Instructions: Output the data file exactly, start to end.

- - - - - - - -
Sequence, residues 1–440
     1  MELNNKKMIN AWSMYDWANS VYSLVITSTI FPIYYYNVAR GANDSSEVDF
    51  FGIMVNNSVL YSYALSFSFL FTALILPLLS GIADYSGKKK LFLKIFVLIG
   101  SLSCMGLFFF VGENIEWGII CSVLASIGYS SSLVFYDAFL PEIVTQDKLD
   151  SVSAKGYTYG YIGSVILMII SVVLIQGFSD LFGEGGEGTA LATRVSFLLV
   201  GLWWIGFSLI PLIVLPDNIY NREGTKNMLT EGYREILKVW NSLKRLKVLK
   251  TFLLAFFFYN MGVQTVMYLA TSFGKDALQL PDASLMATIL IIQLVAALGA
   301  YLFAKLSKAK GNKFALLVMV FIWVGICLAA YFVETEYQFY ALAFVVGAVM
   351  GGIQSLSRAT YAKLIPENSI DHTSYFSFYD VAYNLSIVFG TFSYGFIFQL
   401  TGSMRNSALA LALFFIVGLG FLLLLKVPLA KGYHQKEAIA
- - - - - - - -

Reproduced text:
Sequence, residues 1–440
     1  MELNNKKMIN AWSMYDWANS VYSLVITSTI FPIYYYNVAR GANDSSEVDF
    51  FGIMVNNSVL YSYALSFSFL FTALILPLLS GIADYSGKKK LFLKIFVLIG
   101  SLSCMGLFFF VGENIEWGII CSVLASIGYS SSLVFYDAFL PEIVTQDKLD
   151  SVSAKGYTYG YIGSVILMII SVVLIQGFSD LFGEGGEGTA LATRVSFLLV
   201  GLWWIGFSLI PLIVLPDNIY NREGTKNMLT EGYREILKVW NSLKRLKVLK
   251  TFLLAFFFYN MGVQTVMYLA TSFGKDALQL PDASLMATIL IIQLVAALGA
   301  YLFAKLSKAK GNKFALLVMV FIWVGICLAA YFVETEYQFY ALAFVVGAVM
   351  GGIQSLSRAT YAKLIPENSI DHTSYFSFYD VAYNLSIVFG TFSYGFIFQL
   401  TGSMRNSALA LALFFIVGLG FLLLLKVPLA KGYHQKEAIA